Posts Published by Liz Cashdan

The child’s voice in adult literature

Getting the child’s voice right in writing for children is easier than using a child narrator, or child’s eye view in free indirect discourse when writing for adults. If you have a child narrator in adult fiction, you have to decide if the narrator is looking back with hindsight or whether they are pretending to still be the child they were. There are plenty of examples of both of these approaches and some narratives that fall between the two extremes.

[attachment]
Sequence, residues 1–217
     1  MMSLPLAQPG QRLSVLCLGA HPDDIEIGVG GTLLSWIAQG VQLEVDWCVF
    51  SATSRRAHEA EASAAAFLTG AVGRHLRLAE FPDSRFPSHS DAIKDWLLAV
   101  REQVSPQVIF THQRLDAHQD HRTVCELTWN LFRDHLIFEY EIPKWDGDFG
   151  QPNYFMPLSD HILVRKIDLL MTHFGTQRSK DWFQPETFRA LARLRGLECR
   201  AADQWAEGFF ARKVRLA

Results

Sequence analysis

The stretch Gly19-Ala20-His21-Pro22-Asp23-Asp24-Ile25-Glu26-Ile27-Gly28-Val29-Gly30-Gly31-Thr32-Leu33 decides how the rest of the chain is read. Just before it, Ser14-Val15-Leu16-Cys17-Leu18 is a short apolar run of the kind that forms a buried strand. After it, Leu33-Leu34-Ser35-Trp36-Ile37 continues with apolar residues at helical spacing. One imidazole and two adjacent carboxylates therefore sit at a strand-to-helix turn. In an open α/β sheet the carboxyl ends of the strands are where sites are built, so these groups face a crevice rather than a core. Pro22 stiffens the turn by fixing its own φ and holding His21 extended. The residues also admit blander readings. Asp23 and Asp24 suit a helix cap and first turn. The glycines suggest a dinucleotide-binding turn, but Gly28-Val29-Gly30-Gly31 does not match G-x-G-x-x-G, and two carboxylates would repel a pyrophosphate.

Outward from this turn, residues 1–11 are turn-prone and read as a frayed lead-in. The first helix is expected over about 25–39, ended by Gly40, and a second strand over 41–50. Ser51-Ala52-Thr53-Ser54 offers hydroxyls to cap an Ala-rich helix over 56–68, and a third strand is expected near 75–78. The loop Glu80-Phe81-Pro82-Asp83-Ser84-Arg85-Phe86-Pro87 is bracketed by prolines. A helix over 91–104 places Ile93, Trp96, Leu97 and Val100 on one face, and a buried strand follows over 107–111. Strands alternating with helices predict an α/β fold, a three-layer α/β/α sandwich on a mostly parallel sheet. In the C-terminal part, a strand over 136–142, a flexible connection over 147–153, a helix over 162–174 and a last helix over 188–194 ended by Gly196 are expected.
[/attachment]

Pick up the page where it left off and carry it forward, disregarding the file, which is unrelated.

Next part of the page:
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Rhythm and rhyme

I’m always amazed when students who have probably mostly grown up with the rhythms of pop music in their ears, say they can’t detect strict rhythms in the poems they read, or reproduce those rhythms in the poems they write. But perhaps if we don’t get used to rhythms through hearing and reciting a lot of nursery rhymes from day one, then it’s harder to recognise and reproduce strict metre when we come to write metric poetry later in life. Without continuous practice from birth onwards we may well lose our sense of perfect pitch and our sense of rhythm.

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